Rick Estrin - Album Release

Rick Estrin and the Nightcats to unveil new album

Published On February 20, 2013 | By admin | News

The flamboyance that Rick Estrin exhibits on stage more or less equals the thoughtful reflection he maintains off it.

The world-renowned harmonica virtuoso came up under the wings of entertainers who believed in putting on a show. They also believed in the integrity of the music they made. Estrin took those lessons to heart, living them still, even as the music world has changed around him.

Estrin’s new album with the Nightcats, “One Wrong Turn,” displays his thoughtful and entertaining sensibility. While recording the album with the blues band he has belonged to for 30 years, Estrin tapped the collaborative spirit and musical curiosity that has marked his career.

Rick Estrin and the Nightcats will celebrate the new CD’s release Saturday night at the Palms Playhouse in Winters. “One Wrong Turn” is his second album as leader of the Nightcats after more than 30 years and nine albums as the band’s singer and harmonica player. Guitarist Charlie Baty formerly headed the group, then known as Little Charlie and the Nightcats.

The album was recorded at the San Jose studio of guitarist Kid Andersen, who replaced Baty in the group when the founder entered semi-retirement. The other members are drummer J. Hansen and bassist and keyboardist Lorenzo Farrell.

Estrin, who co-produced the record with Andersen and wrote or co-wrote nine of the 11 songs, said it’s one of the best records he has made.

“When I’d bring in a song, everybody seemed to really get my vision, and they’d contribute things I’d never thought of, making it sound better,” Estrin said.

Though Estrin schooled himself on blues legends such as Sonny Boy Williamson, Percy Mayfield, Little Walter and Detroit’s Baby Boy Warren, he’s carefully broadened his own music on the new record.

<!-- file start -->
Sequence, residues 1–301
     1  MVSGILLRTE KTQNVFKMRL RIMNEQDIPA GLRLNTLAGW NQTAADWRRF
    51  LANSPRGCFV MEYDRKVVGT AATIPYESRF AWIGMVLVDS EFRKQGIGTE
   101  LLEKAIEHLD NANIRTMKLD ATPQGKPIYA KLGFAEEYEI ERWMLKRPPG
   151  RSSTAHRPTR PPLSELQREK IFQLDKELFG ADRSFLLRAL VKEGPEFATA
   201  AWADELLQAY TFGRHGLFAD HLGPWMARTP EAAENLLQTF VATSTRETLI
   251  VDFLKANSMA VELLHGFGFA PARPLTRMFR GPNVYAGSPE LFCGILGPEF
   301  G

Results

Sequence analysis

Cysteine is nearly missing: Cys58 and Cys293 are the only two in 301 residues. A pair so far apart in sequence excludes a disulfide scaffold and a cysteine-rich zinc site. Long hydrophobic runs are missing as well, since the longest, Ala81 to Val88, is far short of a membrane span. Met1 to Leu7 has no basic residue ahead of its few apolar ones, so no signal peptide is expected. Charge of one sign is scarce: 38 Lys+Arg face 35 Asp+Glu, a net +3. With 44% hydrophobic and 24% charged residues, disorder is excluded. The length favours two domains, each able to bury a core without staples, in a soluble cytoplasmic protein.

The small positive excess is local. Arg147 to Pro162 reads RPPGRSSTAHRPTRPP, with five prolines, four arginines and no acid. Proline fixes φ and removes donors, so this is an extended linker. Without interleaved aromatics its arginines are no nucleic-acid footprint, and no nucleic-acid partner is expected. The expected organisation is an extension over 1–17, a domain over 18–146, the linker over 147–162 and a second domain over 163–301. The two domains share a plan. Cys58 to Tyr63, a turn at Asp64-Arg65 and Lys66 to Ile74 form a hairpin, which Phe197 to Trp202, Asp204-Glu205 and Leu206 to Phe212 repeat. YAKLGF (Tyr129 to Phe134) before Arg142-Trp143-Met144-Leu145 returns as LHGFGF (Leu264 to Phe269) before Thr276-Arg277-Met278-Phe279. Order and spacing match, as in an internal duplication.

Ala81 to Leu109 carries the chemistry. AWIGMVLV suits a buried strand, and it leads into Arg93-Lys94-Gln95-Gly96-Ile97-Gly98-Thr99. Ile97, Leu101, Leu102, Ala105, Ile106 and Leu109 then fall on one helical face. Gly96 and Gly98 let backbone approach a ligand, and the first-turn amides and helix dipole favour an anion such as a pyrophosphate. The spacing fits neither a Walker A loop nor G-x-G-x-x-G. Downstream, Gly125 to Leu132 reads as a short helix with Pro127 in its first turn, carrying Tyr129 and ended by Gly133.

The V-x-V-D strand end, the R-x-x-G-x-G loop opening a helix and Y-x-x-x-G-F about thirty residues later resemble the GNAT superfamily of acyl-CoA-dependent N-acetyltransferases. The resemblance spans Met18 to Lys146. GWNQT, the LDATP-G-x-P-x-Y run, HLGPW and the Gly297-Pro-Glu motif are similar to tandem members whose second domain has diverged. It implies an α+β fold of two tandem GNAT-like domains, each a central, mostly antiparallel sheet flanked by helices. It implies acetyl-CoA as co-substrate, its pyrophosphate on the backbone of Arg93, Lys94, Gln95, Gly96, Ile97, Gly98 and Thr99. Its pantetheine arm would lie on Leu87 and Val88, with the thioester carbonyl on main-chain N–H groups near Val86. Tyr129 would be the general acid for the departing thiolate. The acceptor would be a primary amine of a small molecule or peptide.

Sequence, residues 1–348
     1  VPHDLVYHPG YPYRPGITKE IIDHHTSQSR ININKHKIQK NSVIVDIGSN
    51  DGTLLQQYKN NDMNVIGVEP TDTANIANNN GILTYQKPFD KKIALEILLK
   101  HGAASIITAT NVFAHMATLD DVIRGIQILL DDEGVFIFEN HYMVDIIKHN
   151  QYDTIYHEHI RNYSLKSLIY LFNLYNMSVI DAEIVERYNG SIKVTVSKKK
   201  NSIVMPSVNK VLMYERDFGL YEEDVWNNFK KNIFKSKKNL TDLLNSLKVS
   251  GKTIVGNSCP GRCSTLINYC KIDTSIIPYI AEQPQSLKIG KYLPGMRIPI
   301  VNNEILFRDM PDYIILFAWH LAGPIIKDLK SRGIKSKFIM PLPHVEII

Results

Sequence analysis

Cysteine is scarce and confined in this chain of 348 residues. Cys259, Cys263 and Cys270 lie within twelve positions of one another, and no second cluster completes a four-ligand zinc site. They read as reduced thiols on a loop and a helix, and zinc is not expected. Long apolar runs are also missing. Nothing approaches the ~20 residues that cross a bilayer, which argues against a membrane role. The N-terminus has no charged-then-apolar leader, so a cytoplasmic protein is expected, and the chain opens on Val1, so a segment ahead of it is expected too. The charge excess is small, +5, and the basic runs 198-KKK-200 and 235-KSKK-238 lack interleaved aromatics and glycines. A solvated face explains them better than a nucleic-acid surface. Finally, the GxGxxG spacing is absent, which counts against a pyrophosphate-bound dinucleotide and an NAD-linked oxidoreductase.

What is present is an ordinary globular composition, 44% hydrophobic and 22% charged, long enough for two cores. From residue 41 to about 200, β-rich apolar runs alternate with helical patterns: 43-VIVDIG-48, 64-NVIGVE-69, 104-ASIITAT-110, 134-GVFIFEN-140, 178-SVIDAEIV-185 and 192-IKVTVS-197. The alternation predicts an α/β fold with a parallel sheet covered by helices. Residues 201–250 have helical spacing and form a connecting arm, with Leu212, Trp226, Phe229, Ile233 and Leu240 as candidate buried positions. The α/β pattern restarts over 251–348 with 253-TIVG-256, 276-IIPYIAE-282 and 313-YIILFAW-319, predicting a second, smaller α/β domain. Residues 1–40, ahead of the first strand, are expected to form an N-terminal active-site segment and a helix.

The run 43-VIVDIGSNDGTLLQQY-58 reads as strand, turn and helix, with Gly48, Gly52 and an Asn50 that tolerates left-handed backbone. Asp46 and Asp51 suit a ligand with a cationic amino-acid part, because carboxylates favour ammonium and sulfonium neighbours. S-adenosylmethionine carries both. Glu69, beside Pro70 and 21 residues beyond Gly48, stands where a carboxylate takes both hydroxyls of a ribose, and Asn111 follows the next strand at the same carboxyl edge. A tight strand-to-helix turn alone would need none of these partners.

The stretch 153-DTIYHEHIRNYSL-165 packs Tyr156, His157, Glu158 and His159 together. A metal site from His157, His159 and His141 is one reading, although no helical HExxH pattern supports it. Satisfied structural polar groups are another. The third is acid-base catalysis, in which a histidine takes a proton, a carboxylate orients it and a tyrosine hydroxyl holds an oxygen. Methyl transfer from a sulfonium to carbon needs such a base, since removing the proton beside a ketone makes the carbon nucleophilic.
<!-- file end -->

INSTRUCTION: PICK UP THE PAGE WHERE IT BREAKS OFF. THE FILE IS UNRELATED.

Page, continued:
“We were able to introduce some other elements musically to perhaps make it a little more accessible to a wider audience, but it still feels true to who we are and who I am,” Estrin said.

The band often identified various source elements in songs after they had recorded them.

The album’s opening tune “D.O.G.” falls in line with any number of Estrin’s popular satiric songs, this one concerning an ethically challenged acquaintance.

“I came up with the guitar figure for it, something like Bo Diddley, then when J. the drummer heard it, he put a beat to it that was more like a cha-cha or like War,” Estrin said. “The bridge reminds me of the Kinks. There’s some pretty radically different things you wouldn’t think fit together.”

Another tune on the record “(I Met Her on the) Blues Cruise” is a comic vignette, detailing a disappointing sexual escapade, that Estrin calls “G-rated Rudy Ray Moore.

“I couldn’t even tell you where that come from,” Estrin said. “I think I had a Chuck Berry groove on that and when the band got hold of it, it became more like the Rolling Stones.

“The hook seems pretty infectious. It could even be annoyingly infectious. Hopefully not, but people have told me they can’t get it out of their head.”

That Estrin even references rock ‘n’ roll now comes as something of revelation, since he was so completely immersed in the blues as a young artist growing up in San Francisco.

“I first heard blues when I was about 12 years old – Jimmy Reed, Ray Charles and Champion Jack Dupree,” Estrin said. “My sister had these records – she was kind of a beatnik – and I started listening to them. Jimmy Reed and Ray Charles, both of them really got to me.”

Estrin felt the vibe and groove of Reed’s music and identified with the soul in Charles’ voice.

“I was naive enough to think nobody could really understand me, but I could identify with the emotion in Ray’s songs, what was in his voice.”

A neighbor who had a rock band gave Estrin a harmonica, and the directionless teenager suddenly had a goal in life.

“I decided I can learn how to do this, and it kind of gave me a purpose,” he said. “My father had just died. I was pretty rebellious and not interested in school and soon after, I quit going.”

Making music became Estrin’s life, and he soaked up all he could about the culture and the lifestyle.

“It gave me something positive to do along with all the fun-loving negative stuff I was into,” Estrin said.

“I had goal in mind – I really, really wanted to be great. I wanted to be able to scare people when I played.”


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